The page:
Growing Tomato Plants
While technically a fruit, growing tomato plants is a vegetable gardeners delight! Nothing beats the taste of fresh, vine ripened heirloom tomatoes from the home garden. Originating in Central and South America, tomato plants are grown in an ever increasing range of colors, sizes and shapes with the recent interest in heirloom cultivars fueling further interest (see History of Tomatoes).
Tomatoes are very deep rooted and don’t need nearly as much water as most people believe. They will do much better in the garden soil than in pots and require plenty of sun. Plant after the soil has warmed in the spring in rich, fast draining soil which has been amended with ample amounts of organic compost and calcium to prevent blossom end rot.
How to Plant:
Allow enough space (1-1/2 – 2 feet) between tomato plants to permit good sun penetration and air circulation. Plant the tomatoes deep in the soil, up to the first set of leaves or deeper. Roots will form all along the stem. Water deeply (long periods of time, once or twice a week) to encourage roots to grow down into the soil. Once the plants are established, start them on a biweekly fertilizer program.
Tip: In northern climates use Wall O’ Waters to protect transplants from frost and speed production.
Tomatoes are vines. They need support to keep the fruit off the ground. Tomato cages will support the plant without additional ties. Until the plants grow that is… Tomatoes don’t know when they have a good thing going and often out grow their cages. At that time, use bamboo poles or tree stakes and tie the plants with twine or covered wire (see Plant Supports & Twine). Place the twine around a main stem and pull it gently toward the stake. Secure the twine to the stake.
Tip: Snapping off young suckers between the main stem and leaf axils encourages higher yields and earlier fruiting on staked plants. When the vines reach the tops of the stakes, pinch back the tip.
No Bloom – What Happened?
Tomato plants that receive fertilizer too high in nitrogen will do a couple of things, none of which are good. They may not bloom at all, or they may drop the blossoms before the fruit has set. In order to prevent this from happening, use an organic fertilizer low in nitrogen or one specifically formulated for tomato plants.
Once the plants begin blooming, you may need to hand pollinate, especially if your tomatoes are growing inside a greenhouse where there are no natural pollinators. To hand pollinate, you will need a small brush to pick up pollen from one flower and gently transfer it to another. Just tip your brush from flower to flower and pretend you are a bee.
Once tomatoes start ripening, check vines daily. Cut or gently twist off fruits, supporting the vine at the same time. For best flavor, leave the fruits on the plants for as long as possible. At first sign of heavy frost, harvest all fruits. Green ones will eventually ripen while stored in a warm place out of direct sunlight. Tomatoes require 90-140 days to mature from seed; 60-90 days from transplanting, depending on the variety.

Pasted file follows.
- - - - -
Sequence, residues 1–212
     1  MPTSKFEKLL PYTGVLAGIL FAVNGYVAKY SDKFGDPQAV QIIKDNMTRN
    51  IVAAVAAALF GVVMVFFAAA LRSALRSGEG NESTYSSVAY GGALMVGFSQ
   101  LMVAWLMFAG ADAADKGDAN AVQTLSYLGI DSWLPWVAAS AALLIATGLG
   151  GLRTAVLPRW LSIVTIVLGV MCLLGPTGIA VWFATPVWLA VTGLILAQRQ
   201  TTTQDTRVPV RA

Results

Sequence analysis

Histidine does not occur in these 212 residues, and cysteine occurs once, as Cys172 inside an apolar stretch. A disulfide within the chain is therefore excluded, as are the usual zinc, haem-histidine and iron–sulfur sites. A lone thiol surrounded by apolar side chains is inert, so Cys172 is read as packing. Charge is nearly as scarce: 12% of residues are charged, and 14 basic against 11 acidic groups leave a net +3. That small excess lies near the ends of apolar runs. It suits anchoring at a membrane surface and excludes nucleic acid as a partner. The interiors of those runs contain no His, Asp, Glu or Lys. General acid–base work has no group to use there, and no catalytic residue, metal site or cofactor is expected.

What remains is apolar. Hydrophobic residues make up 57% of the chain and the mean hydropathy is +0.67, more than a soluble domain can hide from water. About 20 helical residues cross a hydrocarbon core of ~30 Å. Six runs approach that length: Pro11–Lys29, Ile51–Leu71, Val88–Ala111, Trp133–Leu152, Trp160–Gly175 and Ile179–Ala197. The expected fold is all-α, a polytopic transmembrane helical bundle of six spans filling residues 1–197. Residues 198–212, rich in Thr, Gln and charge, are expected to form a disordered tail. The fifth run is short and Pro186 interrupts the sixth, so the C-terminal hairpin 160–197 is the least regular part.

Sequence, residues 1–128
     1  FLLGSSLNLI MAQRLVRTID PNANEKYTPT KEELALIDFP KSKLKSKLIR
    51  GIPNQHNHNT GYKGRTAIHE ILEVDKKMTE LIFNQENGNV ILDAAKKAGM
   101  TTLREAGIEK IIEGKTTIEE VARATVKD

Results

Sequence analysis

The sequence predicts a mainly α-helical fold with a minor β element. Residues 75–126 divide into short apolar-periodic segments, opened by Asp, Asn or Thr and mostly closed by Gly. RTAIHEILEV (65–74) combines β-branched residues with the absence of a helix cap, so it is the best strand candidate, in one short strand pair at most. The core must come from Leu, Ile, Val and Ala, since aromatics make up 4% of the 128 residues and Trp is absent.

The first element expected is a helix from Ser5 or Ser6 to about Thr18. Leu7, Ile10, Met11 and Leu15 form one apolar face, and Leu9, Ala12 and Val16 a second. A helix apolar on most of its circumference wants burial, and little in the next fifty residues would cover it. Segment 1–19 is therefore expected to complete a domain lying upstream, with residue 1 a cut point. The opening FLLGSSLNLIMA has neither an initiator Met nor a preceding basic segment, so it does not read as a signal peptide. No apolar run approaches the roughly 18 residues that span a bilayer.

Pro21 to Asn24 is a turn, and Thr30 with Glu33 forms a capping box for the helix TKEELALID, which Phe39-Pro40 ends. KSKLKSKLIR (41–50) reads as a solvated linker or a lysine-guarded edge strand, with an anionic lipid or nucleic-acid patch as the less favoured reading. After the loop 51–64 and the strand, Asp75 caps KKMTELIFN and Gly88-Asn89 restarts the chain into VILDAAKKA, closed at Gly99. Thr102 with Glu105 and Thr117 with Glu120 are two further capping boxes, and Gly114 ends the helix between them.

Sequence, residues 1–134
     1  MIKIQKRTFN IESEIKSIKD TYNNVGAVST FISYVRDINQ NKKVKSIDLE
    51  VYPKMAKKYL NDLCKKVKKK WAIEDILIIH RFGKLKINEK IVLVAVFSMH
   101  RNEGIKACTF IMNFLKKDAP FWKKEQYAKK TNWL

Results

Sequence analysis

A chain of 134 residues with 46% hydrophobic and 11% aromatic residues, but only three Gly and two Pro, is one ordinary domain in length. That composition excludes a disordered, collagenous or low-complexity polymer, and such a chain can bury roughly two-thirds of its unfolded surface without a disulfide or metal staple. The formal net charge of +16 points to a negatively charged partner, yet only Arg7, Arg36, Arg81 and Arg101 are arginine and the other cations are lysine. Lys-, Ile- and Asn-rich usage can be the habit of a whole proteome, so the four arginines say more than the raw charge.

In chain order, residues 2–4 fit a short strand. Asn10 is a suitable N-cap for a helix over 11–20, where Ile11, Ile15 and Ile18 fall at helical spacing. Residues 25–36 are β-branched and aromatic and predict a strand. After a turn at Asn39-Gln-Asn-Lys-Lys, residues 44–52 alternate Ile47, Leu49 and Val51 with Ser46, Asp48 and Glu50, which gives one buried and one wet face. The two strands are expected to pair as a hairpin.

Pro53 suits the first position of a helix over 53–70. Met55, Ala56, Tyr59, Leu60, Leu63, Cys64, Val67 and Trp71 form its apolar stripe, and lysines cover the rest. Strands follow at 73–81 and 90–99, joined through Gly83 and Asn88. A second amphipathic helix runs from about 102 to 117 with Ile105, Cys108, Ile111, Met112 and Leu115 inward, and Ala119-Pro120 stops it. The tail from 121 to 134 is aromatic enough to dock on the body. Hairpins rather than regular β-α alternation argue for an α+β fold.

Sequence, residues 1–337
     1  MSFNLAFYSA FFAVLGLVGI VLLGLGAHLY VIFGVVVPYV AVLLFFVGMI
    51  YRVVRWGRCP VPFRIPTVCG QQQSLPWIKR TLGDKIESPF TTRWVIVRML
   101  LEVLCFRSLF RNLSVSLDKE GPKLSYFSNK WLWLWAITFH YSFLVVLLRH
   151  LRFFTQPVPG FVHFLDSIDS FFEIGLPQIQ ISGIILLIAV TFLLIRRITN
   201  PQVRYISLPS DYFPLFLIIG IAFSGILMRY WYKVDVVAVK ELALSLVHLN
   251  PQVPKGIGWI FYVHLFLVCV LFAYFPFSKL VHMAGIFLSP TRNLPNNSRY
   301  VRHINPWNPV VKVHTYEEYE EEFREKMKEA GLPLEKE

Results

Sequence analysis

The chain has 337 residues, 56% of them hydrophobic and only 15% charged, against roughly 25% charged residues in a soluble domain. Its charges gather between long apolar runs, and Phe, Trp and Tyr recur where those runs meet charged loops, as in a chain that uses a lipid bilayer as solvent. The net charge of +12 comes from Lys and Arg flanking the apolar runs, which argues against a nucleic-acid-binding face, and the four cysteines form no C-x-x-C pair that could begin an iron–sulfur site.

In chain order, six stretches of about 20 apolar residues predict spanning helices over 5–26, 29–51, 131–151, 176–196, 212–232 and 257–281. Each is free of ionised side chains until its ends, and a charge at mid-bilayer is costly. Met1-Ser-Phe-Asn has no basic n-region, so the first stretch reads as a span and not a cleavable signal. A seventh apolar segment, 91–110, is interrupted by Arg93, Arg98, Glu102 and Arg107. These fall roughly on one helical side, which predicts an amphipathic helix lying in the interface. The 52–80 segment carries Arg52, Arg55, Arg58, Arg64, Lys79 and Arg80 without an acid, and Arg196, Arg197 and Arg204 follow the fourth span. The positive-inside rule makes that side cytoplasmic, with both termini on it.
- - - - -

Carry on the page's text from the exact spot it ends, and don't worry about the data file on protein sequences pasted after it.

Insects and Diseases:
There are numerous insect and disease problems associated with growing tomatoes (too many to mention here). We have listed two of the more common problems:
Tomato Hornworms are impressive caterpillars that are very easy to control. They are identified by their impressive size (3-6 inches), their green color that makes them difficult to spot among the foliage and the spiked horn at the tail.
To find tomato hornworms, simply follow your eyes to the chewed foliage. Then, look for their scat on the leaves. To control them, use garden quality diatomaceous earth as a dusting powder, hand pick them, or use bacillus thuringiensis as a spray for control. Although these are all organic remedies, please use safety gear when applying any pesticide.
Blossom End Rot:
Blossom end rot is a tomato disease usually caused by a calcium deficiency in the soil, although it is sometimes brought on by drought, high salt levels, excess nitrogen or uneven soil moisture. It is identified by a brown mushy spot on the butt end of the tomato. Prevent blossom end rot by keeping soil evenly moist and by spraying plants with kelp as a foliar treatment. Adding calcium to the soil at planting time usually prevents the problem from occurring.
Note: Containing 15% phosphate and up to 24% calcium, organic bone meal promotes healthy fruit development in tomatoes.
Seed Saving Instructions:
Cross-pollination between modern tomato varieties seldom occurs, except in potato leaf varieties which should be separated by the length of the garden. Do not save seeds from double fruits or from the first fruits of large varieties. Pick at least one ripe fruit from each of several plants. Squeeze seeds and juice into a strainer and wash, spread on a paper plate and dry.